We had better luck in Beijing. By the time we got back there, my uncle was determined to find a Sunday service. After a bit of online research, I discovered the one non-generic Protestant church in town, the Chongwenmen Church, which identifies itself (though not in its sign out front) as Methodist. The entrance area was Chinese in flavor, and the organization of attendance was a bit Chinese as well. There was another service going on when we arrived, and a small and growing crowd was milling around in the courtyard.
As the time drew near for the end of the previous service and the start of ours, people began lining up. We and the other few foreigners were asked to go to the front of the line, even in front of some very elderly ladies who were resting on folding stools. That seemed unfair to me, but the organizers insisted. As it turned out, this was intended to make it easier to shepherd us towards the section reserved for Foreign Guests, which was equipped with receivers and headsets for English translations of service and sermons. I have no pictures of the interior, alas, except in my head. My uncle observed that the interior was set up like American Methodist churches of 70 years ago, and that the sermon (which emphasized obedience to Authority) was not the type you’d be hearing from most American Methodist pastors today.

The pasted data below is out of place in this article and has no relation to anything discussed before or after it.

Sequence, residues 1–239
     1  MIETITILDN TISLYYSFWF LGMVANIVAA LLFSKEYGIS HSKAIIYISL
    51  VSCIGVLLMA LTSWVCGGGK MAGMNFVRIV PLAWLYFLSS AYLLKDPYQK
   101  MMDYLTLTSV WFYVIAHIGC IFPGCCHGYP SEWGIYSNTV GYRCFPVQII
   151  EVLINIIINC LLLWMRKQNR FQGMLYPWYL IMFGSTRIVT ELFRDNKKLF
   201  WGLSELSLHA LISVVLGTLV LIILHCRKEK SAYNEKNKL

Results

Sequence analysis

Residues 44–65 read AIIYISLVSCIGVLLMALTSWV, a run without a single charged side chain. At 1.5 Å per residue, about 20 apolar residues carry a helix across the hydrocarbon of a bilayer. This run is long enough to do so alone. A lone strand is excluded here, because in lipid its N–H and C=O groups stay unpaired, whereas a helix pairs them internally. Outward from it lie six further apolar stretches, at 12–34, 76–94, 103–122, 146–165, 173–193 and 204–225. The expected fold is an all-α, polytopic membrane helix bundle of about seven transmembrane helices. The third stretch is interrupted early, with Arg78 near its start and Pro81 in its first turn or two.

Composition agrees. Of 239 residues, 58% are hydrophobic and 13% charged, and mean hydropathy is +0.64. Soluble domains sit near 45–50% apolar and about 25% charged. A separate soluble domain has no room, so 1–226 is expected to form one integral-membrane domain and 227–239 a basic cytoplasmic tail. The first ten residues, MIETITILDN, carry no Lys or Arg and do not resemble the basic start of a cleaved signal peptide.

You’d never get that from a guidebook.
Reason #2: You get more photo ops.
Most foreigners look really… foreign to most Chinese, and especially to children. That can make them standoffish. But two foreigners who are best known and fondly regarded are Santa Claus and Colonel Sanders. Thanks to them, any older white guy with white hair and a beard is instantly “recognized”—and, I think, more welcomed than most other Westerners poking their noses in would be.
Smiles from a worker at park in Xi’an
Inspection by a kid in village on Xi’an outskirts
Fortunately for me, Uncle L looks enough like Santa and the Colonel, in Chinese eyes, that people often responded naturally and for long enough that I could get a good picture.
Kids in Dunhuang back street
Whether or not my uncle was in it! Sometimes the reactions came while he was standing next to me. So I could get full honors (if I weren’t so honest) for eliciting the response myself.
Scholar with scholar, on the Spirit Road at Beijing’s Ming Tombs
Finally, although a friend or partner could possibly help out this way, I have to credit my uncle with adding particular gravitas to photos along with scale perspectives or muted visual jokes. These could be especially apt, like the pose of my Ph.D.-holding uncle in front of a statue of an imperial scholar on the Spirit Road a the Ming Tombs. (That is a cap, not a doctorate, in his hand.)